You are either with us or against us. And the government will hound you out of Sri Lanka if you are in the second group. That was the message from top bureaucrat, defence secretary Gotabhaya Rajapaksa to ambassadors, foreign news agencies including CNN and BBC and international NGOs.
Rajapaksa said those who attempt to support the LTTE would be "chased away (if they try) to give a second wind to the LTTE terrorists at a time the security forces, at heavy cost, are dealing them the final death blow."
Warning of "dire consequences", Rajapaksa said that some ambassadors, especially the German and Swiss ambassadors, and some news agencies were behaving irresponsibly. He named, CNN, Al-Jazeera and especially the BBC of attempting to sensationalise civilian hardships by telecasting video clips picked up from LTTE websites.
In an interview to local English newspaper, Sunday Island, he accused a BBC anchor of being partisan towards the LTTE since the 1990s. "If he does not act responsibly and attempts to create panic, I will have to chase him out of the country," Rajapaksa said.
Rajapaksa, former army man and President Mahinda Rajapaksa's brother, warned that members of the international community, specifically the German and Swiss ambassadors, who are trying to create panic, will be similarly chased away from the country.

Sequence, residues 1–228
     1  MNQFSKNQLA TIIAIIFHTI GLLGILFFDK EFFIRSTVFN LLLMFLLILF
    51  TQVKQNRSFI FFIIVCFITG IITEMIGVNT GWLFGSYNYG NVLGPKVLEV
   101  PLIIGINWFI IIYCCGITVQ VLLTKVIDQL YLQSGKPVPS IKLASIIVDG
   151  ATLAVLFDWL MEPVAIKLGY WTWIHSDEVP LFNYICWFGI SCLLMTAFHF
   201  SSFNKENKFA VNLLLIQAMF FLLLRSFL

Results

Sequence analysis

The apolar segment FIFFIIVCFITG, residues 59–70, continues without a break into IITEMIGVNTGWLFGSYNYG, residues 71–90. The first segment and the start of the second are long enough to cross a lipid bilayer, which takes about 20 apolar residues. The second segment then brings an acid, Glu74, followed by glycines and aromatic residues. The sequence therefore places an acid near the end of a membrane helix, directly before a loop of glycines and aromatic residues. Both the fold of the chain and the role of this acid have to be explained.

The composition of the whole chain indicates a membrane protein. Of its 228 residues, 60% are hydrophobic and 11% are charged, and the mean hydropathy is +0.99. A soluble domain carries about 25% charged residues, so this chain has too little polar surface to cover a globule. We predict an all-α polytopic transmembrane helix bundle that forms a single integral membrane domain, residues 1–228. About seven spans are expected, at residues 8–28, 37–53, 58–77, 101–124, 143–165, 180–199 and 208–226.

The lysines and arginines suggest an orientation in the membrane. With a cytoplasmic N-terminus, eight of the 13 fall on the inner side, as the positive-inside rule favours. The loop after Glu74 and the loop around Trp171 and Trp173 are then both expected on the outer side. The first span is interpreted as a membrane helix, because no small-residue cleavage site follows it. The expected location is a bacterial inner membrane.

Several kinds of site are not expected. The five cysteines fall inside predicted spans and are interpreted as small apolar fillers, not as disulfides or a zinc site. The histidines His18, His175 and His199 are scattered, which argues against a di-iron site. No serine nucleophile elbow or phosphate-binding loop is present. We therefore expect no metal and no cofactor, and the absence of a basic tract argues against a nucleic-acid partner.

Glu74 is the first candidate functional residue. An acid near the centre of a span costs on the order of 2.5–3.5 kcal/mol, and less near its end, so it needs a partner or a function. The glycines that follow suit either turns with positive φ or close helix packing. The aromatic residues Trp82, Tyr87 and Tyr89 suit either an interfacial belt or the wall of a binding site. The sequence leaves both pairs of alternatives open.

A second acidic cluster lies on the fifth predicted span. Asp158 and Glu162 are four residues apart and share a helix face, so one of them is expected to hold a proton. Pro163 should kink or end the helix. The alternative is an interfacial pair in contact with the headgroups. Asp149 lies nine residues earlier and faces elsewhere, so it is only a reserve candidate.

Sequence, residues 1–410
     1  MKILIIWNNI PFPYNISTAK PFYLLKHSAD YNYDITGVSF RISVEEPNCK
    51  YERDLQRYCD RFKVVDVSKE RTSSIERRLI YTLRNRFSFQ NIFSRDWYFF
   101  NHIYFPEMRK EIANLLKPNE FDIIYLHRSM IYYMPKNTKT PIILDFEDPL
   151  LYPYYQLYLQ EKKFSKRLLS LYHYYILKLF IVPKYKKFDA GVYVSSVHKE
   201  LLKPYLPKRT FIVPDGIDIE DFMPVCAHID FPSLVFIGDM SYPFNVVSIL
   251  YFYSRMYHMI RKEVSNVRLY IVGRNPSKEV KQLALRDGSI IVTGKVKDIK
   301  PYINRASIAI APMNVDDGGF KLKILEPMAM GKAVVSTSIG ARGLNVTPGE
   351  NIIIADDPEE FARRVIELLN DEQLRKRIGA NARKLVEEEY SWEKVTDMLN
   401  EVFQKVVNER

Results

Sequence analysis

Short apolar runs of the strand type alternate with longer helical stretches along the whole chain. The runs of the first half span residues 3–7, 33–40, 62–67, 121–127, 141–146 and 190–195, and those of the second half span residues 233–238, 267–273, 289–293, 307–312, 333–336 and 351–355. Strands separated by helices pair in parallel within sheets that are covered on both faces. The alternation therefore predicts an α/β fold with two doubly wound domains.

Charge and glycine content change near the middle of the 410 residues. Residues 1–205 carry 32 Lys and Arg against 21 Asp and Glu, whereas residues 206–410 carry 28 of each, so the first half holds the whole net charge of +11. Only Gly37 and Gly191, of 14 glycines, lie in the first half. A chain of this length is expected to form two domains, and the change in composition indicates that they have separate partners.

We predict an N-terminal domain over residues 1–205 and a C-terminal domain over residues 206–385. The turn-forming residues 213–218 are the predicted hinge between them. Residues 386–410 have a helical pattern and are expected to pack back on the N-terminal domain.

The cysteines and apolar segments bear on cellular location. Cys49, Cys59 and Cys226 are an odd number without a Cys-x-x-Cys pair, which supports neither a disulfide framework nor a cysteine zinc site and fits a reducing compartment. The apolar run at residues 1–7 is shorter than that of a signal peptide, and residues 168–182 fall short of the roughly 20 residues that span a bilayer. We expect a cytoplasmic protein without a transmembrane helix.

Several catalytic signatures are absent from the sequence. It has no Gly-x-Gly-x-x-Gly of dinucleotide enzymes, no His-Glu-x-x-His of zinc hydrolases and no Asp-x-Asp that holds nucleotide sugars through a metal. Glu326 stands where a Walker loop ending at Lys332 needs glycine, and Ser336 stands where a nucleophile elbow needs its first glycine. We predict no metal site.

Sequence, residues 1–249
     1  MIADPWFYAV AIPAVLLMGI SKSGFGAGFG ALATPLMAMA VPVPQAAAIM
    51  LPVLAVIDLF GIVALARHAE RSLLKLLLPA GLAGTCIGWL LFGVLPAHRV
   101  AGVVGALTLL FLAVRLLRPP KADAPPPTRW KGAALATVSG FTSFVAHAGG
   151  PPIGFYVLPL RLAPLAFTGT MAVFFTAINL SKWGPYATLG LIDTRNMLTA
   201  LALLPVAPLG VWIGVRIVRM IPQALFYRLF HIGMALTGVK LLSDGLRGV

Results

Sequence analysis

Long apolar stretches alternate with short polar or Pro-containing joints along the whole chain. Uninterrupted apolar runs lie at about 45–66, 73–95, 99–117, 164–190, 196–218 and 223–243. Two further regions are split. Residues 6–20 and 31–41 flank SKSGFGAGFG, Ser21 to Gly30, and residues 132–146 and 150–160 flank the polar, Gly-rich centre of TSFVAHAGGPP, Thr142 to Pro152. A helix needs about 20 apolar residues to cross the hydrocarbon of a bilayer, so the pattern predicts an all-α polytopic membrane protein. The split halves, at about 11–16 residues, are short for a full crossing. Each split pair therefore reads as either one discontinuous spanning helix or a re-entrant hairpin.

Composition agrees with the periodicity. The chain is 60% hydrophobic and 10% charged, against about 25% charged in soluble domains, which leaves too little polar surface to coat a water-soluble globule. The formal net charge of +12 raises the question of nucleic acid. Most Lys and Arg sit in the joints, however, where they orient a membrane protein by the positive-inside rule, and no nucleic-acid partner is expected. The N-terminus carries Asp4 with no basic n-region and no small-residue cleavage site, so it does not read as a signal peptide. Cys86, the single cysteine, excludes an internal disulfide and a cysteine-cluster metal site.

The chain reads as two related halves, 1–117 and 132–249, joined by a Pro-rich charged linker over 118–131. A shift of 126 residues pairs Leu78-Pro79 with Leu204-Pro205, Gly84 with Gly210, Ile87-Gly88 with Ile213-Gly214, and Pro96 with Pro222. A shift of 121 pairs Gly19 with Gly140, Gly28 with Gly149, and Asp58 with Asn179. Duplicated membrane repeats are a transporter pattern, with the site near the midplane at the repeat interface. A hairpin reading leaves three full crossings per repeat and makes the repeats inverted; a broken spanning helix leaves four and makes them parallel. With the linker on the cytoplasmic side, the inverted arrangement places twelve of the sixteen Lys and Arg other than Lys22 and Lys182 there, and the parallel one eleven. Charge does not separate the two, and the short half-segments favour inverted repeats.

The defence secretary said that all democratic countries, organisations and news agencies must act responsibly and bring pressure on the LTTE to free the civilians trapped in the war zone
On Friday, UN chief Ban Ki-moon on Friday appealed to the military and Tamil rebels to ensure safe passage for civilians.
"The Secretary General calls upon the (rebel) Liberation Tigers of Tamil Eelam (LTTE), in particular, to allow civilians in the conflict zone to move to where they feel most secure, including (government-controlled) areas," Ban's press office said in a statement.
He also urged the Colombo government "to ensure that those civilians arriving from the Wanni and other conflict areas are treated in accordance with international standards,'' including guaranteeing their freedom of movement and allowing full access by humanitarian agencies.
The UN chief said he remained concerned about the fate of civilians, including tens of thousands of children, despite Rajapaksa's announcement of safe passage for them.
Meanwhile, the military on Sunday claimed to have captured a fortified camp in the north-eastern district of Mullaitivu where LTTE's suicide bombers, known as the Black Tigers, were trained. The camp was captured after a pitched battle.